However, some of that expense could be wasted if the cruise industry does not quickly come to an agreement with port authorities and regulators, given the approximately 90-day delay it takes to get a ship ready to sail. Norwegian, for example, began to prepare for a potential return to service in early 2021, although crossings did not take place as major ports around the world remained closed. The company has spent around $ 45 million on stimulus-related costs in the last three months of 2020, Norwegian said in February.

There have already been signs of strain in business relations with local authorities. Norwegian said it would require all passengers and crew to be fully vaccinated before boarding a ship. The state of Florida, a cruise hub, has banned companies from requiring customers to provide documents certifying vaccination against Covid-19. Norwegian Managing Director Frank Del Rio said the company could simply move ships if necessary and operate elsewhere.

“There is still a lot of work to be done to achieve the goal of sailing from US ports this summer,” said a spokesperson for the Cruise Lines International Association trade group.

The closure of cruise lines during the pandemic had far-reaching economic consequences for U.S. ports. In this video, WSJ reporter Julie Bykowicz tours the once bustling Port Canaveral cruise terminal to learn more about the future of the industry. (Video of 03/22/21)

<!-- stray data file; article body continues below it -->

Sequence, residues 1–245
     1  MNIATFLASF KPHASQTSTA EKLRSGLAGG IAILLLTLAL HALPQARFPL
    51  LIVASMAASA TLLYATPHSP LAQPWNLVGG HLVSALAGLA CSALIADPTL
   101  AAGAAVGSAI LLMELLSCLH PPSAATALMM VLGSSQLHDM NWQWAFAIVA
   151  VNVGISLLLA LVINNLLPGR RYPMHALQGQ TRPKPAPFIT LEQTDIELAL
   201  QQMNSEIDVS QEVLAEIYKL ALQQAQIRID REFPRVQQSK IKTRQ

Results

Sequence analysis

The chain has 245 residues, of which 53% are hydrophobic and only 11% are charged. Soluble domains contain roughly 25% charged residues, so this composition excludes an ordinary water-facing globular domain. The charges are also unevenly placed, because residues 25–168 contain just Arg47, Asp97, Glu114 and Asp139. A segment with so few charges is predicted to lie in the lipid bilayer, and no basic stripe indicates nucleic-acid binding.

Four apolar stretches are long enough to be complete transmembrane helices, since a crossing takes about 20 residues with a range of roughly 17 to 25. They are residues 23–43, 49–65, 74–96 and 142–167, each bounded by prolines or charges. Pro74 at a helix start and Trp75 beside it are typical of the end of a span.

Cruise lines have pointed to strong demand for next year’s crossings, which could help them offset some of the additional costs. Carnival in April said future cruise bookings in its fiscal first quarter were about 90% higher than in the fourth quarter of 2020. Competitor Royal Caribbean Group said aggregate booking prices for the second half of the year 2021 are higher than they were in 2019.

Norwegian during the second quarter increased the prices of its trips, said Mr. Del Rio. “I’m just amazed at how much pricing power we have, given the difficulties we all experience,” Del Rio said on a conference call earlier this month.

Cruise lines are unlikely to offer substantial discounts to passengers due to the expected surge in demand going forward, said Steven Wieczynski, analyst at Stifel Financial Corp., the financial services firm. Some initial departures could offer incentives to encourage people to book travel, he said.

Jason Liberty, Chief Financial Officer of the Royal Caribbean Group.


Royal Caribbean Group

Next year, higher prices, coupled with more bookings, will offset increased operating costs, Sykes said. “When load factors come back, profitability comes back in spades,” he said, referring to an industry measure for passenger occupancy.

Cruise lines are also looking for additional savings. Carnival, for example, is reducing the free numbers it offers to customers to cut costs, an effort that began before the pandemic.

Royal Caribbean plans to emerge from the pandemic as a lean business, CFO Jason Liberty said in late April, stressing a simpler supply chain to cut costs through wholesale purchases. For example, it is reducing the number of banana varieties from 19 to 11, he said.

“As we get out of this there will be one-time costs in terms of scaling up our business,” Liberty said. “But we’ve spent the last 13 months evaluating our cost structure and reshaping it so that as we come out of it, we’re leaner.”

Write to Dave Sebastian at [email protected]